As readers we all have favourite authors, whose writing engages us. We impatiently wait for their next book to come out. In the meantime, what are our options? Should we read another favourite author or find someone new?
I tend to read an eclectic range of genres and authors, although of course any new book by Stephen King is a must for me. However, I am lucky to be able to edit or review author friend’s books and manuscript’s as a freelance writer. This opens up exciting new narratives to me and I will have to say has introduced me to new writing styles.
I am currently reading a debut novel by Sophie Pollard and have another book arriving in the mail any time now from Suzanne Burkett.
I feel reading new genre’s and authors expands our imaginations and opens us up to new reading experiences. There are many ‘lists’ on the internet, if you care to search giving information on new books for each season, entries into contests and up and coming authors. It is a good place to start as well as asking your family and friends for recommendations.
Do you stick to your tried and tested authors or do you try new writers? Have you discovered a new exciting author in some way? Care to share?
Of course I would like to suggest one of my own books. The current list is here: https://www.amazon.com/-/e/B01MDUAS0V My newest novel, The Commodore’s Gift (steampunk) will be launched on 26th September 2020
Happy reading and comment below to join in the conversation.
1. Does writing energize or exhaust you? A bit of both, honestly. I feel energized while I’m actually doing the writing, however if I get into it for any more than about an hour then my brain doesn’t like resetting itself and I spend the rest of a day in an exhaustive haze, as if I’d been napping, and I hate naps!
2. What is your writing Kryptonite?
Time, or the lack thereof. I have very little personal time to write, embrace whatever I can get. I don’t have enough, and what I get can be taken away from me so easily.
3. Did you ever consider writing under a pseudonym? I flirt with it from time to time, but only because there’s already a Marc Watson author (who is a really great guy who is a thrill ride engineer from Florida), as well as one who is a British comedian, and another is the Content Lead for everything Minecraft. All industries I’m involved in. Hmm… maybe I do need one. If I did, it would likely be just adding my middle initials or something simple. I like my name.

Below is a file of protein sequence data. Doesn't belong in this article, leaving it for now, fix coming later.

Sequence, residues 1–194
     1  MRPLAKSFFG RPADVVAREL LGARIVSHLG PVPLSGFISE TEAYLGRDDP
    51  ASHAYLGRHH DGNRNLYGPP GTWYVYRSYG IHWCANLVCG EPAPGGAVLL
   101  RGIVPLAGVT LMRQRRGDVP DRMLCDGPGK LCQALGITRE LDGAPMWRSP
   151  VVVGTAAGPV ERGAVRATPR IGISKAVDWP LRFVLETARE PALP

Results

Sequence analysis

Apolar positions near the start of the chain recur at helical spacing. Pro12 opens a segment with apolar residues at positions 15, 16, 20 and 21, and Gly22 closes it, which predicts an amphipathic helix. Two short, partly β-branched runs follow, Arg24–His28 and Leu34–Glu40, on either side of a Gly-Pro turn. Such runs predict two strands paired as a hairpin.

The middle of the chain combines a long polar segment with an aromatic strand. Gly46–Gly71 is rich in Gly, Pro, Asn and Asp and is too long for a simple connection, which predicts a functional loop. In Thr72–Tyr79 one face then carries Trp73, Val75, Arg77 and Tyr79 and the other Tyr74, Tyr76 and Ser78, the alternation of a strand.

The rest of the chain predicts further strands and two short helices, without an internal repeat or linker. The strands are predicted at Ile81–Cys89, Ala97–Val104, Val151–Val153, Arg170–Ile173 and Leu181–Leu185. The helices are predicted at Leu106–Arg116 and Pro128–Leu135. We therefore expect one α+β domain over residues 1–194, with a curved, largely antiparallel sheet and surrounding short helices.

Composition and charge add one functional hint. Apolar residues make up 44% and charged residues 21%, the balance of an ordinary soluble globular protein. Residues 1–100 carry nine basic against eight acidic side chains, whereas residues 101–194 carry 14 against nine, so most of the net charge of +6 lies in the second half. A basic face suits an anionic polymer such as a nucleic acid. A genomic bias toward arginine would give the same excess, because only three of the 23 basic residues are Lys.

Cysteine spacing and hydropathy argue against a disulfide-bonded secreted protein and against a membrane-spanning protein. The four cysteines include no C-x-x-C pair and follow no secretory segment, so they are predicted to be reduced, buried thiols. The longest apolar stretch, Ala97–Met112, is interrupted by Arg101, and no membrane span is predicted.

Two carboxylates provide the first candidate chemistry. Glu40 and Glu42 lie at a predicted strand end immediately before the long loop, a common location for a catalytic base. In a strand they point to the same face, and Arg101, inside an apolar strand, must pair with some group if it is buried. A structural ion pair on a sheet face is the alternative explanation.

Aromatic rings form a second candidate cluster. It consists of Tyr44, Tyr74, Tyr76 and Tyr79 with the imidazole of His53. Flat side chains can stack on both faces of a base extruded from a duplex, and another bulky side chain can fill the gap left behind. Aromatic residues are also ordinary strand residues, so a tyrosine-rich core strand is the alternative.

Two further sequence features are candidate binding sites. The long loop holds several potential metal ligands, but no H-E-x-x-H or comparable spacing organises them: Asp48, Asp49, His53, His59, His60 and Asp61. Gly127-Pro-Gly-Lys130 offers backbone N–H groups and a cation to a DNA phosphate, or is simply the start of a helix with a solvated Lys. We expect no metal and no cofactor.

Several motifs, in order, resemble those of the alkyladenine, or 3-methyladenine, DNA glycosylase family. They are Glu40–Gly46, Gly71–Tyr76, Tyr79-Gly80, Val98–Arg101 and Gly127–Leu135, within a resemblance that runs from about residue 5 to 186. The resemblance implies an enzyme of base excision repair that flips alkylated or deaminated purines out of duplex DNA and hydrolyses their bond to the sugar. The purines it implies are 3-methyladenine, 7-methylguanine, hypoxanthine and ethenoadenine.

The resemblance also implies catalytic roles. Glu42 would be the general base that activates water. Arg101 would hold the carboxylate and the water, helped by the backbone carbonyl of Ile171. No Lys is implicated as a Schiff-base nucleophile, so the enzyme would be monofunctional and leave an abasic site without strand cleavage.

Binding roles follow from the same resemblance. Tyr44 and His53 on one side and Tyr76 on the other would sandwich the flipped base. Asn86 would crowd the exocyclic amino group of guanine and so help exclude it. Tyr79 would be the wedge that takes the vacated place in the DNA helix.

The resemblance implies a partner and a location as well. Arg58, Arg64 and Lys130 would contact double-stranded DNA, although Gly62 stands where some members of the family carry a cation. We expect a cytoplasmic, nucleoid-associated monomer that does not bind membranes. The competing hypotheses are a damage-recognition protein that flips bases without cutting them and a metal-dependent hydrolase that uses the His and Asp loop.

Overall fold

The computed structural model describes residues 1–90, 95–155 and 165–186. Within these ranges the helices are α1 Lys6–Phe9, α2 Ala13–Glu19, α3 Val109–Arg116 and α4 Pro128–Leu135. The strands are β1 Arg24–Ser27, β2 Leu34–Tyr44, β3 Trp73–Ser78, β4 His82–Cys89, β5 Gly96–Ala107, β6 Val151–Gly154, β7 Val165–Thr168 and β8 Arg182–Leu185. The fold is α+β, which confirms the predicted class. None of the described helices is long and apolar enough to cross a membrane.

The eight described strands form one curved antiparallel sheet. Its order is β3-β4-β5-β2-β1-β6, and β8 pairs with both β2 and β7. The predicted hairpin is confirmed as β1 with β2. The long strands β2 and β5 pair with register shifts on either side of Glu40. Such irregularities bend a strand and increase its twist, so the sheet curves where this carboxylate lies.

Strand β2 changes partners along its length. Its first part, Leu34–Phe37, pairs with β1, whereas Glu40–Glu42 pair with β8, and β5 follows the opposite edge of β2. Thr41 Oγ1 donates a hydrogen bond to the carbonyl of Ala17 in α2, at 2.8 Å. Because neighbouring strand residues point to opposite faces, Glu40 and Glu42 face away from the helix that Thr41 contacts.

4. What other authors are you friends with, and how do they help you become a better writer? Seeing as I’m relatively new to this world, my list of writer friends is sparse at best. I’ve met a few times with Edmonton horror writer Konn Lavery. I’m currently teamed up with an old friend Patrick Yokan Persaud, who is the lead writer at Hardmode Games. Konn has been great as he lives nearby and sees a similar world to what I see, books and sales-wise, and Patrick and I grew up together, so if something plays well with him then I know it works for me and the audience I’m trying to reach.
5. Do you want each book to stand alone, or are you trying to build a body of work with connections between each book? Why not both? I’ve written an interconnected universe with my ‘Ryukyu’ series which will start in March with ‘Catching Hell Pt. 1’, plus I have other stories that loosely tie into it such as my debut novel ‘Death Dresses Poorly’ which makes vague references to the ‘Ryuujin’ world, and then I have works in progress like ’12:13’ that completely stand alone. I don’t think there’s any reason why I can’t be known for stand-alone works as well as my epic fantasy world.
6. What was the best money you ever spent as a writer? Certainly the cost of attending my first When Words Collide writer’s conference. I only began taking writing seriously on February 29th, 2016. When WWC hit in August, that was my first exposure to a collection of other writers, agents, and like-minded individuals. The experiences and connections I took away from that weekend still resonate with me today.
7. What was an early experience where you learned that language had power? My ‘words have power’ moment really didn’t come until I was in my late teens. I’d been an avid reader all of my life up to that point, but in a grade 13 English class (reminder I grew up in Ontario, so that’s not weird) we were assigned ‘The Shipping News’ by E. Annie Proulx. The book remains my favorite of all time. I read that book three times during that few weeks of study. However, while I was getting my mind transformed by this heartbreaking and utterly beautiful story, many in the class admitted repeatedly to not understanding it, not reading it, and generally not caring about it at all. I was simply baffled because I was so engrossed and moved to the point of tears, and all these other kids my age just let it pass them by. It was there that I saw the real power of words: that they mean different things to different people and they always will.